Cover image for Private eyes
Title:
Private eyes
Author:
Kellerman, Jonathan.
Personal Author:
Edition:
Abridged.
Publication Information:
New York : Random House Audio: Price-less, [1992]

℗1992
Physical Description:
3 audio discs (3 hr.) : digital ; 4 3/4 in.
Summary:
Alex Delaware comes to the rescue of an actress menaced by a man recently released from prison.
General Note:
Compact disc.
Language:
English
ISBN:
9780739312230
Format :
Audiobook on CD

Available:*

Library
Call Number
Material Type
Home Location
Status
Item Holds
Searching...
FICTION CD Adult Audiobook on CD Audiobooks
Searching...
Searching...
FICTION CD Adult Audiobook on CD Audiobooks
Searching...
Searching...
FICTION CD Adult Audiobook on CD Audiobooks
Searching...
Searching...
FICTION CD Adult Audiobook on CD Audiobooks
Searching...
Searching...
FICTION CD Adult Audiobook on CD Audiobooks
Searching...
Searching...
FICTION CD Adult Audiobook on CD Audiobooks
Searching...
Searching...
FICTION CD Adult Audiobook on CD Audiobooks
Searching...
Searching...
FICTION CD Adult Audiobook on CD Audiobooks
Searching...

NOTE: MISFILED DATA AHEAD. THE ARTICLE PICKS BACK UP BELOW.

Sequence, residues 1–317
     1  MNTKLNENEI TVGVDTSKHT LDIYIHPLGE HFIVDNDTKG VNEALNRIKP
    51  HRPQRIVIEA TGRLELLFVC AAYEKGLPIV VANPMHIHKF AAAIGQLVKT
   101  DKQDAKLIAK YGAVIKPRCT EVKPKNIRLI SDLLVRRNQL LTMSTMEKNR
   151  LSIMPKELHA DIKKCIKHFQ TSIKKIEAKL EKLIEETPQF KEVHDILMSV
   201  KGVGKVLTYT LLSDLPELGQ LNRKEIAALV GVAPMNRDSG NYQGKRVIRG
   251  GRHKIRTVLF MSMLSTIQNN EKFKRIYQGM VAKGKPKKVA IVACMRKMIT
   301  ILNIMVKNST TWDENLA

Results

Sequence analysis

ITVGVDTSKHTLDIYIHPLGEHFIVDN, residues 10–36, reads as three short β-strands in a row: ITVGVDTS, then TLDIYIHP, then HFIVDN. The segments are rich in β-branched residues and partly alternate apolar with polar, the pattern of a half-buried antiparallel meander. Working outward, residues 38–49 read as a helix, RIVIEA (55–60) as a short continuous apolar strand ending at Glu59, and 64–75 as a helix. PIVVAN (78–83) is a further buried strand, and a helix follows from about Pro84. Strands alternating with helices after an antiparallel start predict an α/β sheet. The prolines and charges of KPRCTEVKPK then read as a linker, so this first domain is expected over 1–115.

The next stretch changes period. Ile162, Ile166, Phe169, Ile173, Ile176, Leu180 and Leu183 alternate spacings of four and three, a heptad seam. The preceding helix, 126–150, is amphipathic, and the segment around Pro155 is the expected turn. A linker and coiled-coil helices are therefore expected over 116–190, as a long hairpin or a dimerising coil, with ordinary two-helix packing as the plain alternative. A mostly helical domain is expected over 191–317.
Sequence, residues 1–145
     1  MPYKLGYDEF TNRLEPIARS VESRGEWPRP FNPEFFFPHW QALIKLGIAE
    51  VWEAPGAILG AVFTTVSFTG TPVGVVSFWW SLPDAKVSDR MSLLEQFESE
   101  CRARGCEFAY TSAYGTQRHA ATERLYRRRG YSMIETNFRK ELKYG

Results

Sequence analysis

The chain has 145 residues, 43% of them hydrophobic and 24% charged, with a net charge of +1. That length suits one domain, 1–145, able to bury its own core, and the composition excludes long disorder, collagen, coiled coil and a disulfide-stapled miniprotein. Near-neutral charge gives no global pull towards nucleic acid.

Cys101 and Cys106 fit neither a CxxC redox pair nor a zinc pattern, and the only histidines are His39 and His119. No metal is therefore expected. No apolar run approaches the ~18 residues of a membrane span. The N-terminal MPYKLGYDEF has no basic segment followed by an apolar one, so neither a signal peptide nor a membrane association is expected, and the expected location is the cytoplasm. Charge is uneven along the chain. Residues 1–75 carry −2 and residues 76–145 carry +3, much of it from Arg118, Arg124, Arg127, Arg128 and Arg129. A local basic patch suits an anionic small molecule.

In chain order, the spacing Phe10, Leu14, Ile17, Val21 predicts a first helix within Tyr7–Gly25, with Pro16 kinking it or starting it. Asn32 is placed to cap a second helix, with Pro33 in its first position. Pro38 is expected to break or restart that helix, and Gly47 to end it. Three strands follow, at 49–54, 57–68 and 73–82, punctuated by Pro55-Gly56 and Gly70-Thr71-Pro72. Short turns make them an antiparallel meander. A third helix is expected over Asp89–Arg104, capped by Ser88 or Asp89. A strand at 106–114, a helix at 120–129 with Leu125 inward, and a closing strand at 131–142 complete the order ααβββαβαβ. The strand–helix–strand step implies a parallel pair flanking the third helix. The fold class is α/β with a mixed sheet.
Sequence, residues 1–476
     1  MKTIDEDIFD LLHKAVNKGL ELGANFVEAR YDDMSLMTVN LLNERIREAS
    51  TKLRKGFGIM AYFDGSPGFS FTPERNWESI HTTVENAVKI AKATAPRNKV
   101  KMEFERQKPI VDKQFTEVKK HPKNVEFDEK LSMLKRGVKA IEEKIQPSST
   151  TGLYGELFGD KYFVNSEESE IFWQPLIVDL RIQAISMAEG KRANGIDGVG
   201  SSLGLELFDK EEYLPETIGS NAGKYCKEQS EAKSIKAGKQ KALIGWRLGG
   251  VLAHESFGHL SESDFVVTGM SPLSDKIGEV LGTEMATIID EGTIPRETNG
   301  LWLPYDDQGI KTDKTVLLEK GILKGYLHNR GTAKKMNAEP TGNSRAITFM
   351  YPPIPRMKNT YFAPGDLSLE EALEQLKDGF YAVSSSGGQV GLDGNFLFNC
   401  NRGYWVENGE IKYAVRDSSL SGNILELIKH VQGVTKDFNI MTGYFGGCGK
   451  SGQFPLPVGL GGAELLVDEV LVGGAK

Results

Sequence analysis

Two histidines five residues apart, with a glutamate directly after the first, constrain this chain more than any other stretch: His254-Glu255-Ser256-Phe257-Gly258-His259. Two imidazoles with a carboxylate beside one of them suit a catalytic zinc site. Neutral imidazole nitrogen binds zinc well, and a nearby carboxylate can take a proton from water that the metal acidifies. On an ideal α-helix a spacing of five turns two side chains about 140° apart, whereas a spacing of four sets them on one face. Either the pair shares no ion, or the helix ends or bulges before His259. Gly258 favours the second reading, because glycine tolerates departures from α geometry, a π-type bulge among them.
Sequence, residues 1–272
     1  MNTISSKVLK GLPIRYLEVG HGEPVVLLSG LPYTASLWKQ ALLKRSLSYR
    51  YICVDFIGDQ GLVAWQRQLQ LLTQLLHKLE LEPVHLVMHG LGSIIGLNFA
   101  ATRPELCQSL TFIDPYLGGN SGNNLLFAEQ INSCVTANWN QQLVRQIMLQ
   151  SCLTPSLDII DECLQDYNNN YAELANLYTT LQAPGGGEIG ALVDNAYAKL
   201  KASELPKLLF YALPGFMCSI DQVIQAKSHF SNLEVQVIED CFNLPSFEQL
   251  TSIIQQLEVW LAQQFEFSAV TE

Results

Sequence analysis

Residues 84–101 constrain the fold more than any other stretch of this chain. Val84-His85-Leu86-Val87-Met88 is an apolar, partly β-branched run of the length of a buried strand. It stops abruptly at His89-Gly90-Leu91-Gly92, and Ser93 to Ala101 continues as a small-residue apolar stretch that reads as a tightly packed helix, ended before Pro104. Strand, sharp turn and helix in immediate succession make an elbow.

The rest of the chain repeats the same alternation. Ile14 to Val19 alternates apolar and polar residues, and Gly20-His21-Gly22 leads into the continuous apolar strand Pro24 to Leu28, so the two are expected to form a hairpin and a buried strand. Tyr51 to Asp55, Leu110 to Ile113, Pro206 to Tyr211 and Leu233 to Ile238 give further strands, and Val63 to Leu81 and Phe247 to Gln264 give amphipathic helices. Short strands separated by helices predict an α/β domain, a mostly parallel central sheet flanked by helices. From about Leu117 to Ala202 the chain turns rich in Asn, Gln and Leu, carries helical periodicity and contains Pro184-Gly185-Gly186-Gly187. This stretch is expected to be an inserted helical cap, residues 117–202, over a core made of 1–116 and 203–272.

On Order

Summary

Summary

The voice belongs to a woman, but Dr. Alex  Delaware remembers a little girl. It is eleven  years since seven-years-old Melissa Dickinson dialed  a hospital help line for comfort--and found it in  therapy with Alex Delaware. Now the lovely young  heiress is desperately calling for psychologist's  help once more. Only this time it looks like  Melissa's deepest childhood nightmare is really  coming true ...  Twenty years ago, Gina Dickinson, Melissa's  mother, suffered a grisly assault that left the budding  actress irreparably scarred and emotionally  crippled. Now her acid-wielding assailant is out of  prison and back in L.A.--and Melissa is terrified  that the monster has returned to hurt Gina again.  But before Alex Delaware  can even begin to soothe his former patient's  fears, Gina, a recluse for twenty, disappears. And  now, unless Delaware turns crack detective to  uncover the truth, Gina Dickinson will be just one  more victim of a cold fury that has already spawned  madness--and murder. From the Paperback edition.